I’ve mentioned the illustrations, and as you can guess from the cover, these are wonderful. There are pictures, drawings, movie posters, book and magazine covers, comic strips… Although there isn’t a full bibliography (I suspect much of the information comes from the author’s own archives), there is detailed information about most of the illustrations, in case readers want to use them in their own research.

Wade has a conversational and easy writing style, and he is happy to share his own opinions and memories of programmes, books, comics, and his personal experiences with those involved as well, and it can easily and quickly be read from cover to cover, it would also work perfectly well as a book to pick up, look at the illustrations, and read about whatever piques the curiosity, or simply enjoy the imagination of the artists of the era and compare some of the images with later reality.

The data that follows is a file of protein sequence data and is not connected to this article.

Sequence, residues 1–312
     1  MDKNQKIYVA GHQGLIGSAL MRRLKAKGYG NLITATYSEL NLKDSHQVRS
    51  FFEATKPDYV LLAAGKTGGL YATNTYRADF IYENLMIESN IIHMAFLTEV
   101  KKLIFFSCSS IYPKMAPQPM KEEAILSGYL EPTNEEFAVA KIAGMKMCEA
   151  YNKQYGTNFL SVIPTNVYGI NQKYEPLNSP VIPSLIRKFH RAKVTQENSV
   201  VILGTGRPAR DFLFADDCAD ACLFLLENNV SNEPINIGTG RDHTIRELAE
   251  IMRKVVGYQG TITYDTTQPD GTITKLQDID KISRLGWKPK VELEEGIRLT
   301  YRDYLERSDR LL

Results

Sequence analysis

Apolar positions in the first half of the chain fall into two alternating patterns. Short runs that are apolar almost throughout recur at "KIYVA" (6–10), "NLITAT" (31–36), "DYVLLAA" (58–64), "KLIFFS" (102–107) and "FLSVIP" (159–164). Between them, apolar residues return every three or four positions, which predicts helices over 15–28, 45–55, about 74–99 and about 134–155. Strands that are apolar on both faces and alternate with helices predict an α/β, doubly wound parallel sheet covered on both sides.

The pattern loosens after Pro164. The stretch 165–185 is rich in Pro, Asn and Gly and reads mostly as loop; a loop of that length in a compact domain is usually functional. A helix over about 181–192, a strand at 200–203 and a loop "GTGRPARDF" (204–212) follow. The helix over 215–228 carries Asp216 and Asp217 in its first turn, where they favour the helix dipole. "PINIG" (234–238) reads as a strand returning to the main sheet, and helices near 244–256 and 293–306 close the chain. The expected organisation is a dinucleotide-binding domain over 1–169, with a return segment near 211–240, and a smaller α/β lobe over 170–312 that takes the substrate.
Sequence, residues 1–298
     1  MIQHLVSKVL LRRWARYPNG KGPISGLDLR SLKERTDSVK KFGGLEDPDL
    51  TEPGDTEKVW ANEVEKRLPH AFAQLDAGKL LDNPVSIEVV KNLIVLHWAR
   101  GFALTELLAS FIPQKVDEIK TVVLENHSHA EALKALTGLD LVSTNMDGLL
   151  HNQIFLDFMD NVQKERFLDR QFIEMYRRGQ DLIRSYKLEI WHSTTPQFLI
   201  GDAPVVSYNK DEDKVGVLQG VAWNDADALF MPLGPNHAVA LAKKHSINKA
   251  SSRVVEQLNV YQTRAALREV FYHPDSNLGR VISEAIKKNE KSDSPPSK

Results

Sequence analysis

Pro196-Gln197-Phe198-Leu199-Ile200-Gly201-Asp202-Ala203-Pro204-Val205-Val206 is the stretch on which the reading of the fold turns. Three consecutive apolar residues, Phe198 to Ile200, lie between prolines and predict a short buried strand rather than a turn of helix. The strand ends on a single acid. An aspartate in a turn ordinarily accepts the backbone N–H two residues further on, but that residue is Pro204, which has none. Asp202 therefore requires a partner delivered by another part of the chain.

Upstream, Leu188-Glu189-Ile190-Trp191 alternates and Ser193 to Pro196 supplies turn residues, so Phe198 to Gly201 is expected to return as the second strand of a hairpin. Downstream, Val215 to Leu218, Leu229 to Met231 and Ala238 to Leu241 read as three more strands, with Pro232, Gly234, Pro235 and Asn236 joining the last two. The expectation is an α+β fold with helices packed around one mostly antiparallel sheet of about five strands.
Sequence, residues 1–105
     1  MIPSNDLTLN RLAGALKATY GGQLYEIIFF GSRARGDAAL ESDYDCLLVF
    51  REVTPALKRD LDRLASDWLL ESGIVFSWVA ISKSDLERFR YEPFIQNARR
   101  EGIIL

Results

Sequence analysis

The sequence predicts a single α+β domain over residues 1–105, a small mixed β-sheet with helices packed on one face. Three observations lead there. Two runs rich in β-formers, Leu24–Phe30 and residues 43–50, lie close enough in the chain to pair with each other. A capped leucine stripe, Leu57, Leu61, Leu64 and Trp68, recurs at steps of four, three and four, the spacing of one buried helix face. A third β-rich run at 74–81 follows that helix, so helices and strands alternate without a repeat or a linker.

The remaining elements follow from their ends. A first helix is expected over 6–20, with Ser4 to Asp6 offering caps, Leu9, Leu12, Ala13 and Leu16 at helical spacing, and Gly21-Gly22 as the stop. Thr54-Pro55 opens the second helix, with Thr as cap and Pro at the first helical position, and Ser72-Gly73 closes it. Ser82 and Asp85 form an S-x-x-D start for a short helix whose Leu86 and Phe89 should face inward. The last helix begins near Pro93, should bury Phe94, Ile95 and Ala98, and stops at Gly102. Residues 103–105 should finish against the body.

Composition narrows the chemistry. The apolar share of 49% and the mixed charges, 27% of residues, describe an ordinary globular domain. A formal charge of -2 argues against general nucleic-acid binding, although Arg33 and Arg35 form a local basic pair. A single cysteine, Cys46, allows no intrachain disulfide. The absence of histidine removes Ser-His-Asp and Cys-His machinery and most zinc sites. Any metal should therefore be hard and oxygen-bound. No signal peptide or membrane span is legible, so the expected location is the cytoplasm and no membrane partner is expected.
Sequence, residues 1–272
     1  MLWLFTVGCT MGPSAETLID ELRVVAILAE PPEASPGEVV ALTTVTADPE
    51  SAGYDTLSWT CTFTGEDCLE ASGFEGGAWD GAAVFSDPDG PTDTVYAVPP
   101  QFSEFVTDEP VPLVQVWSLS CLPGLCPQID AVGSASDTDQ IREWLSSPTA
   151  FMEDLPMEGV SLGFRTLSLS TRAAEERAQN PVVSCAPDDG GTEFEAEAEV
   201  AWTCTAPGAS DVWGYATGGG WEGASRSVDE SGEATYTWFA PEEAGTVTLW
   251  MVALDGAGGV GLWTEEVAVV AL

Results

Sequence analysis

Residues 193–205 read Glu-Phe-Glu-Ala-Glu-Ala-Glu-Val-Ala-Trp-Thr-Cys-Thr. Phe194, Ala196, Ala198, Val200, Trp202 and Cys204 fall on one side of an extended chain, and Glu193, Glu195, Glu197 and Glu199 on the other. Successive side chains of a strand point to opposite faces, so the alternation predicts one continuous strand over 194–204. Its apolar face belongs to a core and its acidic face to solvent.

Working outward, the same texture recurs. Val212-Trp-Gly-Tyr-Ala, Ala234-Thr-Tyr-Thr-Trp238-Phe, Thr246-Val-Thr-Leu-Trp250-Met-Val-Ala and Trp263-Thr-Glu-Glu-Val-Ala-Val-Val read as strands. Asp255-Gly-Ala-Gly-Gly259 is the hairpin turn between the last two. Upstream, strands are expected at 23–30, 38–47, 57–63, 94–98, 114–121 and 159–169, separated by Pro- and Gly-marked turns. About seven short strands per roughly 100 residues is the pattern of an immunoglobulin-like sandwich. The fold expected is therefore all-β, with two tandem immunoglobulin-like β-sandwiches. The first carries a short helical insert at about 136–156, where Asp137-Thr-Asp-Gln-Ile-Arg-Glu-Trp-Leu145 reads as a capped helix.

This is a book that will bring joy to many people, and not only to those who are into science-fiction, but also readers who want to relive their memories of the time, or who have become attached to the programmes or the stories in later years (Quartermass, Dan Dare, The Lost Planet, Superman, The Day of the Triffids, The Eagle and many others). And anybody who might be looking for a source of casual information (writers, for example) will also enjoy this easy-to-read resource.  I am not sure everybody will finish the book convinced that the Fifties were the golden age of science fiction, but I bet anybody reading it will be delighted.

And I leave you with the dedication:

For everyone who understands the true significance of the words ‘Klaatu barada nikto’.

Thanks to Rosie and to the author for the book, thanks to all you for reading, and remember to like, share, comment, click, review, and always keep smiling!